One reason I react so strongly to the lack of common sense in school administrators is because I had a personal experience with an expulsion threat over the issue when I was in high school. Yes, the “Goody Two-Shoes” honor student was called in to the principal’s office and threatened with expulsion over an issue regarding guns. It didn’t happen because I knew enough to know that I wasn’t breaking any rules; the situation that sparked the “report” to the administrator was a clear case of protected speech. The fear of a lawsuit and enough bad PR to cost the new principal his job was enough to convince him that he really didn’t want to go down that path.
What was my crime? It was having a discussion about a fairly new (only a couple of years old at the time) concealed carry law enacted in Oklahoma after I was asked to give a speech in class on the topic of gun control. In other words, I was having a reasonable, non-threatening discussion with peers in the library (our “class” for those of us in the academic competition programs) on a timely political topic relevant to assigned school work. (For the record, I read my first Dave Kopel article in preparation for that speech.) Yeah, try throwing me out of school for that.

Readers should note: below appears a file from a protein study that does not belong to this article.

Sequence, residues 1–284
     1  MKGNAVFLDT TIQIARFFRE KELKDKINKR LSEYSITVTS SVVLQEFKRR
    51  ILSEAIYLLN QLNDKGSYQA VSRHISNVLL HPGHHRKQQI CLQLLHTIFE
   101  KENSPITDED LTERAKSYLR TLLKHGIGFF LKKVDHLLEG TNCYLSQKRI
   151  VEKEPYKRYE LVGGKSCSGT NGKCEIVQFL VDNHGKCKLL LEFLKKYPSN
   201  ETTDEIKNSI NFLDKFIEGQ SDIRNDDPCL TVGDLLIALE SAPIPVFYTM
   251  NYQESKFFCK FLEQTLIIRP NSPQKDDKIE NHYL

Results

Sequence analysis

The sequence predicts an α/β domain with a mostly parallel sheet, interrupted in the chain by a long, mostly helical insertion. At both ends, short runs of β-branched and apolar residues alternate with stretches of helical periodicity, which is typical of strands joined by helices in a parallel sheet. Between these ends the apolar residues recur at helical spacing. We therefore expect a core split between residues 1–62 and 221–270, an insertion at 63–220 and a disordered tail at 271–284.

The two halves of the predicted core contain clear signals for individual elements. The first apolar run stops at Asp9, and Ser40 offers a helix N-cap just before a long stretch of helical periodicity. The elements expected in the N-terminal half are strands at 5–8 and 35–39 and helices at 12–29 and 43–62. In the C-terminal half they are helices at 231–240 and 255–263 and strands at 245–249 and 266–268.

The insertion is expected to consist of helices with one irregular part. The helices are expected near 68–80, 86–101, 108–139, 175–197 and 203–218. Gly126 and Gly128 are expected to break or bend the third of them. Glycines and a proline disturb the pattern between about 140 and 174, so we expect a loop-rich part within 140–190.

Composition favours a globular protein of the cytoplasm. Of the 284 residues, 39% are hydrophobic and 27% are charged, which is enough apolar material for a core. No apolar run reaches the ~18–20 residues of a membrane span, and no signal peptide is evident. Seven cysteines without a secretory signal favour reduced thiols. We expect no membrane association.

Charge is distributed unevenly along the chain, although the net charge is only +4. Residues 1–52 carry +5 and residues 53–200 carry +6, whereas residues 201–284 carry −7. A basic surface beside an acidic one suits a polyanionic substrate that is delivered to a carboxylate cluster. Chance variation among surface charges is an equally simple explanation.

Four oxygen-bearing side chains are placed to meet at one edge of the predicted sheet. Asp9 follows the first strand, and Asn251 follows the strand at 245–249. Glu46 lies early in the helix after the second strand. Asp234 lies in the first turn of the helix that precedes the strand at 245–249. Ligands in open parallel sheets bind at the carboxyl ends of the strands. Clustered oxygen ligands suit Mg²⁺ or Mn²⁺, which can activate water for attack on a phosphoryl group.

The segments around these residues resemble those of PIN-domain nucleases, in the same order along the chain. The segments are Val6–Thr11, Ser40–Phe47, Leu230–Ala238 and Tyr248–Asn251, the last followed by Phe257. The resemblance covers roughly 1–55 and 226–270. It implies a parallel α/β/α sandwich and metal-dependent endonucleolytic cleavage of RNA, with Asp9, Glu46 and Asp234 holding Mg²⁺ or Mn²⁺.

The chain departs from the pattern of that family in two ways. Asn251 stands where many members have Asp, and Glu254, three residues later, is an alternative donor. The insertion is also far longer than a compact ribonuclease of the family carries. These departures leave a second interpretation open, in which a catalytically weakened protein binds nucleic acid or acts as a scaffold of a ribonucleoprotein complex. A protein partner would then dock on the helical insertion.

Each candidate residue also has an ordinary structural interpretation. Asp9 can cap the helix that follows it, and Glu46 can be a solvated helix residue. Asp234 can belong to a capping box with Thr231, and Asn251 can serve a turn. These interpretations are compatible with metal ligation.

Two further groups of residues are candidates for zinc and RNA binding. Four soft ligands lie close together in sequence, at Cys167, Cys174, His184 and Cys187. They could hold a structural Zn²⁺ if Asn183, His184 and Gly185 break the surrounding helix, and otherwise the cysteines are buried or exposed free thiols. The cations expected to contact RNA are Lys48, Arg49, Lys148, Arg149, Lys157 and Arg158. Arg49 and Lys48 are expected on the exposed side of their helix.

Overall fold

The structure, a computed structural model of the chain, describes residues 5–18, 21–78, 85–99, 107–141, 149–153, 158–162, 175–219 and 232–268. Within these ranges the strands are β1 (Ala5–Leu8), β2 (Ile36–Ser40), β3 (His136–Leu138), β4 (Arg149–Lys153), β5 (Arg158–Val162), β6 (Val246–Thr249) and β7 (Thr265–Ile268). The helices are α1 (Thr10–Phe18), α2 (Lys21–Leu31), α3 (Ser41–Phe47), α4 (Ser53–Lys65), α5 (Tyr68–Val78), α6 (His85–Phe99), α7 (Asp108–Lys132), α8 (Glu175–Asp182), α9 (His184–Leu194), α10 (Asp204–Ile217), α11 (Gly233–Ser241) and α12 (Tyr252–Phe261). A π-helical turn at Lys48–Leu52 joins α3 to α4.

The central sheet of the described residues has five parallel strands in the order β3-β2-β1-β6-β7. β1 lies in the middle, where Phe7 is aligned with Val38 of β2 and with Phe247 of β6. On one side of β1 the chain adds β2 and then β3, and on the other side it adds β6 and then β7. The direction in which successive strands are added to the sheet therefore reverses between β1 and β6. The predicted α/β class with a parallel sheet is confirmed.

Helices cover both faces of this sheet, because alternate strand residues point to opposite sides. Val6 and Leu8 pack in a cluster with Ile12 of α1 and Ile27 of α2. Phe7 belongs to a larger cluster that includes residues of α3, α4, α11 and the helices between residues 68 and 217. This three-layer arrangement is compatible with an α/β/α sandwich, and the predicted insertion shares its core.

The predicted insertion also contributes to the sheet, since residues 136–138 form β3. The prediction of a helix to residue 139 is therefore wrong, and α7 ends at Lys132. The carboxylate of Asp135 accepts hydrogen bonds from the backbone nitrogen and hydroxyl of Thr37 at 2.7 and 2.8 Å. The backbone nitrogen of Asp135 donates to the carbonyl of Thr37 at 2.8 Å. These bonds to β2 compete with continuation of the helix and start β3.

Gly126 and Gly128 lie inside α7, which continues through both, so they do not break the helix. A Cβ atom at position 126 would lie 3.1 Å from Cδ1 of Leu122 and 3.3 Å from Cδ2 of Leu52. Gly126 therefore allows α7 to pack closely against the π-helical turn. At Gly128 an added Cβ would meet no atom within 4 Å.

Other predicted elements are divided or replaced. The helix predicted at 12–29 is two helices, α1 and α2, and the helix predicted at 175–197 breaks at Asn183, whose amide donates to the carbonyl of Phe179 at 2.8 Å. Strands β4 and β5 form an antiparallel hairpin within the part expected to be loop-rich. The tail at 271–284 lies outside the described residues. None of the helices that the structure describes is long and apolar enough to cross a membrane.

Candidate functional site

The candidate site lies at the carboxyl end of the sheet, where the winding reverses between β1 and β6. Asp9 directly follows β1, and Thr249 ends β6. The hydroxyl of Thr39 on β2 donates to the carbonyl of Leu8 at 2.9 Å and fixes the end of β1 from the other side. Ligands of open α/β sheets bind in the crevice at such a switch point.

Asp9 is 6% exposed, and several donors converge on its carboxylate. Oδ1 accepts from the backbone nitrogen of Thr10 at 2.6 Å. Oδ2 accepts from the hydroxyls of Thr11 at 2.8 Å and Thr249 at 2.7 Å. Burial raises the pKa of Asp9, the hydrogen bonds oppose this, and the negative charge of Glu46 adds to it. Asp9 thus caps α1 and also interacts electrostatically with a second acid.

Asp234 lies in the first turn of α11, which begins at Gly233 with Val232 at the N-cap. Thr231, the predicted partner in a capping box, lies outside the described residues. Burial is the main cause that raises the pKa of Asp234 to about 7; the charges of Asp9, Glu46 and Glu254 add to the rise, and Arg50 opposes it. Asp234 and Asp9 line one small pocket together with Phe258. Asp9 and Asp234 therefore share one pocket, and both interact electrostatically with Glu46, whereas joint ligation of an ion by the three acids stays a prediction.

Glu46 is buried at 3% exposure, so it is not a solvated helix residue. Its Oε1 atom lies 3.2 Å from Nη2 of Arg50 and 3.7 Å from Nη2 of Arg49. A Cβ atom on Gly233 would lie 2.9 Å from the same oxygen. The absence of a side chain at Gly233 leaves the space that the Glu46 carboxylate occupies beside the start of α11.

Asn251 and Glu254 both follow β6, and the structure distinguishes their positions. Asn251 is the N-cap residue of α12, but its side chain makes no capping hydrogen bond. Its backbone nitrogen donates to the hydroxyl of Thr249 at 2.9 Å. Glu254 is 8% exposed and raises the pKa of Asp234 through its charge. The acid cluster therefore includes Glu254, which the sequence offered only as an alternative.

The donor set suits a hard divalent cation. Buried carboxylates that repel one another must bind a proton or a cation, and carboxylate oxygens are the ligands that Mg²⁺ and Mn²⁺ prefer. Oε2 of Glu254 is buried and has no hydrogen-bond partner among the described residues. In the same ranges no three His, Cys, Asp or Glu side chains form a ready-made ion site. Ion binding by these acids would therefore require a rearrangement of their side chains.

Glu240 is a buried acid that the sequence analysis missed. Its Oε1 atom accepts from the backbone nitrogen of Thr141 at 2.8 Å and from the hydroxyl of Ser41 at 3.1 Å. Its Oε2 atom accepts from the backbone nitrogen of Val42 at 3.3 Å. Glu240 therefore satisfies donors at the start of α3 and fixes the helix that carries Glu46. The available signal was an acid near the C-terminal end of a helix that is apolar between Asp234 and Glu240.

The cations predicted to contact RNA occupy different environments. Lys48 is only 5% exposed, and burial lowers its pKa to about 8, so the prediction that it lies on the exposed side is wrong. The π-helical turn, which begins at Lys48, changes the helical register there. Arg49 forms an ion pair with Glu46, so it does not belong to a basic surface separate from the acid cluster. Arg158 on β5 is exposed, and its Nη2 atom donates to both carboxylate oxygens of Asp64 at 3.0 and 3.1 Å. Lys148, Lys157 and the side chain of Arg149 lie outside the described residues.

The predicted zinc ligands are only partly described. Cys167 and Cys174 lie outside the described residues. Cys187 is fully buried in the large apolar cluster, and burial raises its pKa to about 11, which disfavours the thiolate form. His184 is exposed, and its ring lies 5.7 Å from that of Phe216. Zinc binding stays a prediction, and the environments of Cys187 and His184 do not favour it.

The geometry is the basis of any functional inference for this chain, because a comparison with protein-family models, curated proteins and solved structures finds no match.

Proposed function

Don’t get me wrong, I’m glad he came to his senses. Regardless, I still get pissy over the incident because shouldn’t he have come to his senses when the “report” was made? Common sense would tell a person to ask some probing questions about the incident, especially since the report was coming from a student with some issues getting along with others against one of the top students who had literally never been punished in her entire time at the school.
It bothers me because if the principal had threatened any of the other people at the table in my discussion group, some of them may not have known to fight back. They would not have known that such speech did not give them the right to kick you out of a public school. I don’t believe he would have expelled them, but I do think he would have tried to hold the threat over their heads and left them believing that he was doing them a favor. That bothers me, especially in a public school we were required to attend. It shouldn’t be up to students to stand up to administrative bullying.